I recall back in the university when I was a mental wellness ambassador;
One thing that stood out was the fact that most students requested that no one should know they are depressed and further insisted they do not want to join any support group for people will know what they are going through.
In my practice at Chiromo Hospital Group as a Hospital Psychologist, still I get the same concerns about what will my colleagues think of me once they know am mentally ill.
In mental health, stigma is when someone sees you in a negative way because of your mental health.
Self-stigmatization is the process in which a person with a mental health diagnosis becomes aware of public stigma, agrees with those stereotypes, and internalizes them by applying them to self and thus ending up thinking negatively about oneself.
Stigma from within worsens an individual’s mental illness and stops an individual from seeking help.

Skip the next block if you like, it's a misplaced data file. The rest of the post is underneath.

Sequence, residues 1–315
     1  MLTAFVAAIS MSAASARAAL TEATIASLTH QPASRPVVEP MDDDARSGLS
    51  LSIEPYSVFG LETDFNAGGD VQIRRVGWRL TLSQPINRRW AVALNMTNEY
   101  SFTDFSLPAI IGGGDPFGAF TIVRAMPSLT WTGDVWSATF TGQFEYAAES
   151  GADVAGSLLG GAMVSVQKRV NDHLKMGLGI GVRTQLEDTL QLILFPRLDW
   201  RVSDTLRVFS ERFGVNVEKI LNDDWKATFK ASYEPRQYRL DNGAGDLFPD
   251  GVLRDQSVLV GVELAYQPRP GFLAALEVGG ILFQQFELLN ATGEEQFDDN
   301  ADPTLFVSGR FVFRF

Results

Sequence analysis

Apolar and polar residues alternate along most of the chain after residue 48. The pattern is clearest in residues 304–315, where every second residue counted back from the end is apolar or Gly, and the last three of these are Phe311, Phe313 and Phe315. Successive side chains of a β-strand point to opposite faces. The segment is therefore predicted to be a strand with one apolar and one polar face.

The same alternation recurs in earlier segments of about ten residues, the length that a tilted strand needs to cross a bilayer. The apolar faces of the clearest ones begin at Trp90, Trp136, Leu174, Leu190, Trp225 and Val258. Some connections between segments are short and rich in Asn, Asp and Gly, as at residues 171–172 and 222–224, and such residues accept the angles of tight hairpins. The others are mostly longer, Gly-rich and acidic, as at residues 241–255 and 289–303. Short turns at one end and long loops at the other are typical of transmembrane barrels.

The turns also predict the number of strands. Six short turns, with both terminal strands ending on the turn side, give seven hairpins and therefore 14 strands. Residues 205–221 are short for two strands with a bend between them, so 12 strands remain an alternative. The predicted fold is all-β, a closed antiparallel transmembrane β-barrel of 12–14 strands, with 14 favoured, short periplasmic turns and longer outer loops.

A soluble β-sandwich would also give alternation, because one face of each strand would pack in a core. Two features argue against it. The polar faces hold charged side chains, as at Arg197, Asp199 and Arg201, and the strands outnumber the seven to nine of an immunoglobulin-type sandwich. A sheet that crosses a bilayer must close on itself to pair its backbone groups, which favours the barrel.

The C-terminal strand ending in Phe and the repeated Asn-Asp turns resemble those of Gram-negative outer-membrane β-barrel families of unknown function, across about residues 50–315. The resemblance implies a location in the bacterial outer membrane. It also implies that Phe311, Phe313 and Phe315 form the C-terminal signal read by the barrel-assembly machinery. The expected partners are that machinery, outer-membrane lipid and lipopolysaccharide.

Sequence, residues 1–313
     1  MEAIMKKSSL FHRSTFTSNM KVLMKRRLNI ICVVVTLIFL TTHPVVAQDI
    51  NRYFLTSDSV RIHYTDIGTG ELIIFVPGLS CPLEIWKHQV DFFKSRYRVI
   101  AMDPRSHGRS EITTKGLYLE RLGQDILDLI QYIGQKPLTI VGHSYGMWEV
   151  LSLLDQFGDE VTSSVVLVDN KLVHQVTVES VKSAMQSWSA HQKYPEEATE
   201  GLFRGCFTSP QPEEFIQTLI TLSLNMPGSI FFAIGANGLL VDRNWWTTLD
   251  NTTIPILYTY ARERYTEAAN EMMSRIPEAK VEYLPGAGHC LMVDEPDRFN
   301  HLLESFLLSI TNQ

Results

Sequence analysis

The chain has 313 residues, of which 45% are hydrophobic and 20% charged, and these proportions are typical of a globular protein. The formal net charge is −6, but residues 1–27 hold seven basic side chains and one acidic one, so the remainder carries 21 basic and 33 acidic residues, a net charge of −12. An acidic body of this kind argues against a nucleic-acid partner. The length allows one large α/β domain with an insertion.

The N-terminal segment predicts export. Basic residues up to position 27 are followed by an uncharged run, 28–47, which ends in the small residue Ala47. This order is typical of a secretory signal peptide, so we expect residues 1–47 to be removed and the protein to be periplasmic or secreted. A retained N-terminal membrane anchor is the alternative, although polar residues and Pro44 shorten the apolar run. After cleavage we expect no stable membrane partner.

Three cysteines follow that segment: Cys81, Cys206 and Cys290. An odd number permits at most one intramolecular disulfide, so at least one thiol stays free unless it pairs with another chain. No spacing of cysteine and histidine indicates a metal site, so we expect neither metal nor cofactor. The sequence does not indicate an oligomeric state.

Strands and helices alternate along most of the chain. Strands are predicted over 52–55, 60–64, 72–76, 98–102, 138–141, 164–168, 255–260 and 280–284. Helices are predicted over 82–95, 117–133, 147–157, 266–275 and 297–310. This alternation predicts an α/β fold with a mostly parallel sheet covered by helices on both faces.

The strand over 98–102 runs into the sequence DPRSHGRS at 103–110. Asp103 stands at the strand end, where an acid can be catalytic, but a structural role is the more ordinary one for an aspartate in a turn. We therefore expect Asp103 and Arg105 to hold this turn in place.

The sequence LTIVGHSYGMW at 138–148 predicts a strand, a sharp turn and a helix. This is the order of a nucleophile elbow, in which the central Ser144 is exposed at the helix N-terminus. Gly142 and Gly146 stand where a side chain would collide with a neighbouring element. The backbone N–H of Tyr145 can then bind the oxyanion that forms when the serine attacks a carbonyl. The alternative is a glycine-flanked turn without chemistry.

Ways of breaking the stigma from within
- Talk Openly About Mental Health
Encouraging equality between physical and mental illness whereby if you were diagnosed with a mental illness, feel free, talk about that appointment you have on Tuesday with your psychiatrist and psychologist without feeling ashamed, cause it is just the same as saying that you are going to a dentist.
Being able to talk about it will eventually make the people around you see the importance of mental health and they will support you.
2. Choose Empowerment over shame
Owning your life and story and refusing to allow others to dictate how you view yourself is very important.
Your mental health comes first and it is okay to seek help.
Jamie Brown stated, “I fight stigma by not having stigma for myself-not hiding from this world in shame, but being a productive member of society. I volunteered at church, I have friends, I am a peer mentor and a mom. I take my treatment seriously. I’m purpose-driven and want to show others they can live a meaningful life even while battling mental illness.”
Mental illness is like any other illness and should not be stigmatized.
Let’s normalize seeking help when we are not mentally healthy without shame.